Singapore: Oil eased below $81 a barrel on Monday, extending the previous session’s losses, as data showing a drop in US consumer confidence fanned worries about flagging demand in the world’s top energy user.
The market will scour US February industrial output data, due later, for further clues to the health of the world’s largest economy, and a statement from the Federal Reserve at the end of its two-day interest rate-setting meeting on Wednesday, for evidence the recovery is still on track.
“Sentiment is a bit mixed today, with prices driven lower by profit-taking, as stronger-than-expected US February retail sales were offset by a decline in March consumer confidence,” said Ben Westmore, commodities analyst at the National Australia Bank in Melbourne.
“The market will await further clues on demand outlook from the Fed’s rate decision on Wednesday.”
By 8:03am, US crude for April delivery had fallen 47 cents to $80.77 per barrel, after settling at $81.24 on Friday. London Brent crude was down 39 cents at $79.00.
US consumer sentiment declined slightly in early March, with Americans less positive about the job outlook, a survey released on Friday showed.
But February retail sales rose unexpectedly, despite heavy snow storms that were thought to have kept shoppers at home and bolstered hopes of a sustainable economic recovery.
At 6:45pm, the Federal Reserve will unveil industrial output and capacity utilisation data for February.
Economists expect a 0.1% fall in production and capacity usage of 72.6%, compared with January’s rise of 0.9% in production and a capacity usage of 72.6%. The Fed is expected to hold benchmark rates near zero and reiterate its pledge to keep them low for an “extended period”, due to lingering weakness in the US jobs market and nagging doubts over the solidity of the economic rebound.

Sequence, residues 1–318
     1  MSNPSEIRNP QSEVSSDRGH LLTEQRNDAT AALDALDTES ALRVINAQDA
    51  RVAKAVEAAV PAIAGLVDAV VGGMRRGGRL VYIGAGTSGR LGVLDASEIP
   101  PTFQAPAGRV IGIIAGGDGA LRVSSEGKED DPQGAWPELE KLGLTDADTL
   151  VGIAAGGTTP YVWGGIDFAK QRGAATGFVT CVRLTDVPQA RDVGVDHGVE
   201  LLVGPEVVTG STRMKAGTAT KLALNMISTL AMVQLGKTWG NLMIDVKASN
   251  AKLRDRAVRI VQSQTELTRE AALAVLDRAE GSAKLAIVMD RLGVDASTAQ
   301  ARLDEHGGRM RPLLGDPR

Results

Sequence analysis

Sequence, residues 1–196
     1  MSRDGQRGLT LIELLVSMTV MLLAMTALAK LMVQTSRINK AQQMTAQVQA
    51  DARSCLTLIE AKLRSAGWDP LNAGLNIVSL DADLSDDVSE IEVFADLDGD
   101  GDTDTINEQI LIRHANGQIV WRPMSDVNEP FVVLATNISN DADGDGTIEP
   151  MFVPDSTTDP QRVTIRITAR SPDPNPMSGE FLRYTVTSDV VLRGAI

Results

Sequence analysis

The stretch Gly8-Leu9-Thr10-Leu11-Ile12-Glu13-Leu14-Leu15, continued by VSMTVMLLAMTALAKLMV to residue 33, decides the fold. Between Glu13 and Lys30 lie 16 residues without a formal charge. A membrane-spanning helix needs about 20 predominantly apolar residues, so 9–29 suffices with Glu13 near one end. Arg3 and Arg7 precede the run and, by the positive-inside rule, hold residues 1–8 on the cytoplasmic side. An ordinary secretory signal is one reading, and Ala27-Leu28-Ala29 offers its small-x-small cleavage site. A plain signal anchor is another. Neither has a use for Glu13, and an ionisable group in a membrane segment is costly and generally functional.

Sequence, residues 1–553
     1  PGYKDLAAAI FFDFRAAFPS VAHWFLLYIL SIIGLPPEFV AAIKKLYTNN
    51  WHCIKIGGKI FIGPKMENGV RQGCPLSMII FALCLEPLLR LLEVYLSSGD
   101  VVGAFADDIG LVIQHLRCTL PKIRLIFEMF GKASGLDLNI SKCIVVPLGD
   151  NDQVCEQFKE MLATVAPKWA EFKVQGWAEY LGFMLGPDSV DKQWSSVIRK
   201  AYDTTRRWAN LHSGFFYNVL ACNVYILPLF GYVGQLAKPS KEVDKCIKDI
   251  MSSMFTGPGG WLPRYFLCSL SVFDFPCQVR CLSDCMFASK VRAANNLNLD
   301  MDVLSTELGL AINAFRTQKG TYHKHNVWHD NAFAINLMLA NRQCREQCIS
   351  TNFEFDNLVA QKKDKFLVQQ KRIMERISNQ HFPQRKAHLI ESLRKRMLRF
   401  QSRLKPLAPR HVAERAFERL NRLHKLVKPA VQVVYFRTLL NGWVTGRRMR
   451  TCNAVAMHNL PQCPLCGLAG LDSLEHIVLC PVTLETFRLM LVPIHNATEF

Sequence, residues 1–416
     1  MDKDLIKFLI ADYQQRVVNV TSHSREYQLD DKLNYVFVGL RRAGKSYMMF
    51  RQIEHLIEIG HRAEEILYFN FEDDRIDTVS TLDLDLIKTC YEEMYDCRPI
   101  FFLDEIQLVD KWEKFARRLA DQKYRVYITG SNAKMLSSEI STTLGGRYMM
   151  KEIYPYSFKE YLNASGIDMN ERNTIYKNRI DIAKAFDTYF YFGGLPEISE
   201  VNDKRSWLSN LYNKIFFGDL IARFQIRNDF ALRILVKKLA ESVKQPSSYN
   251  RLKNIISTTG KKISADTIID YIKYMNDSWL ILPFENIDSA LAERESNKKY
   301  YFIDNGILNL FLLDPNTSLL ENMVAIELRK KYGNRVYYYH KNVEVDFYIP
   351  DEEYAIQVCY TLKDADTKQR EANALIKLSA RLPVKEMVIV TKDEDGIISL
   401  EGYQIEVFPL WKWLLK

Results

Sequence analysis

But since US consumers are buying more and companies appear to be on the verge of hiring again, policymakers in the Fed may ponder on how long to keep its ultra-low rate pledge.
Investors will try to tack another leg on to the year-long US stock rally, looking to this week’s economic data and statement from the central bank for cues.
After tumbling during the fourth-quarter earnings season, the S&P 500 has climbed back to its mid-January levels, racking up a 17-month closing high last week. But the index’s hold on the key 1,150 level is tentative and closed just below it on Friday.
Friday’s solid US retail sales data buoyed the greenback against the yen on Monday, but the Japanese currency hovered within striking distance of three-week lows on growing expectations the Bank of Japan could mull loosening monetary policy further this week.
Sources have told Reuters Japan’s central bank is leaning towards easing monetary policy again at its two-day policy review that ends on Wednesday.
On the supply front, the market will also eye the outcome of OPEC’s meeting later this week.
The Organization of the Petroleum Exporting Countries, which pumps at least one in every three barrels of oil, meets in Vienna on Wednesday to discuss production policy.
Officials have said they do not expect a change in targets while prices are within their desired range.
Opec has restricted output since the onset of the financial crisis in a bid to support prices. But the group’s compliance with its officially targeted cut of 4.2 million barrels per day (bpd) has slipped to just 53% as prices have risen.